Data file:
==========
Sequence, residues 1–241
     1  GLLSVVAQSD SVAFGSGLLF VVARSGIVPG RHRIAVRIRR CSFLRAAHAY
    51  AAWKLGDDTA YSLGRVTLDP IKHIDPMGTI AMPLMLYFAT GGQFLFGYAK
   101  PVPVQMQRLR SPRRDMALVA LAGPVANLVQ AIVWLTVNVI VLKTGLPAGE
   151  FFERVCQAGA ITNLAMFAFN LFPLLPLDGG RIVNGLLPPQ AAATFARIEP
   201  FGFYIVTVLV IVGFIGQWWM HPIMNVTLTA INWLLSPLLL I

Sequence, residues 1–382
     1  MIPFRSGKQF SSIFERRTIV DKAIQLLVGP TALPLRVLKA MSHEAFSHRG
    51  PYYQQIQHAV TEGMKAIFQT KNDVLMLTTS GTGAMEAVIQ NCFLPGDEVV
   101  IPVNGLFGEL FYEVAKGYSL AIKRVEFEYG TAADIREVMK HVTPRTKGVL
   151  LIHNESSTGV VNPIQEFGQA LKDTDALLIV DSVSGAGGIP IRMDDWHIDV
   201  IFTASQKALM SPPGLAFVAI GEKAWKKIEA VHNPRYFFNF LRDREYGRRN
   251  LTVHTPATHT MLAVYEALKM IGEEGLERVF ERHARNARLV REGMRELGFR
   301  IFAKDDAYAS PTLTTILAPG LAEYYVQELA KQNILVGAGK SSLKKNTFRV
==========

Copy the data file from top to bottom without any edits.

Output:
Sequence, residues 1–241
     1  GLLSVVAQSD SVAFGSGLLF VVARSGIVPG RHRIAVRIRR CSFLRAAHAY
    51  AAWKLGDDTA YSLGRVTLDP IKHIDPMGTI AMPLMLYFAT GGQFLFGYAK
   101  PVPVQMQRLR SPRRDMALVA LAGPVANLVQ AIVWLTVNVI VLKTGLPAGE
   151  FFERVCQAGA ITNLAMFAFN LFPLLPLDGG RIVNGLLPPQ AAATFARIEP
   201  FGFYIVTVLV IVGFIGQWWM HPIMNVTLTA INWLLSPLLL I

Sequence, residues 1–382
     1  MIPFRSGKQF SSIFERRTIV DKAIQLLVGP TALPLRVLKA MSHEAFSHRG
    51  PYYQQIQHAV TEGMKAIFQT KNDVLMLTTS GTGAMEAVIQ NCFLPGDEVV
   101  IPVNGLFGEL FYEVAKGYSL AIKRVEFEYG TAADIREVMK HVTPRTKGVL
   151  LIHNESSTGV VNPIQEFGQA LKDTDALLIV DSVSGAGGIP IRMDDWHIDV
   201  IFTASQKALM SPPGLAFVAI GEKAWKKIEA VHNPRYFFNF LRDREYGRRN
   251  LTVHTPATHT MLAVYEALKM IGEEGLERVF ERHARNARLV REGMRELGFR
   301  IFAKDDAYAS PTLTTILAPG LAEYYVQELA KQNILVGAGK SSLKKNTFRV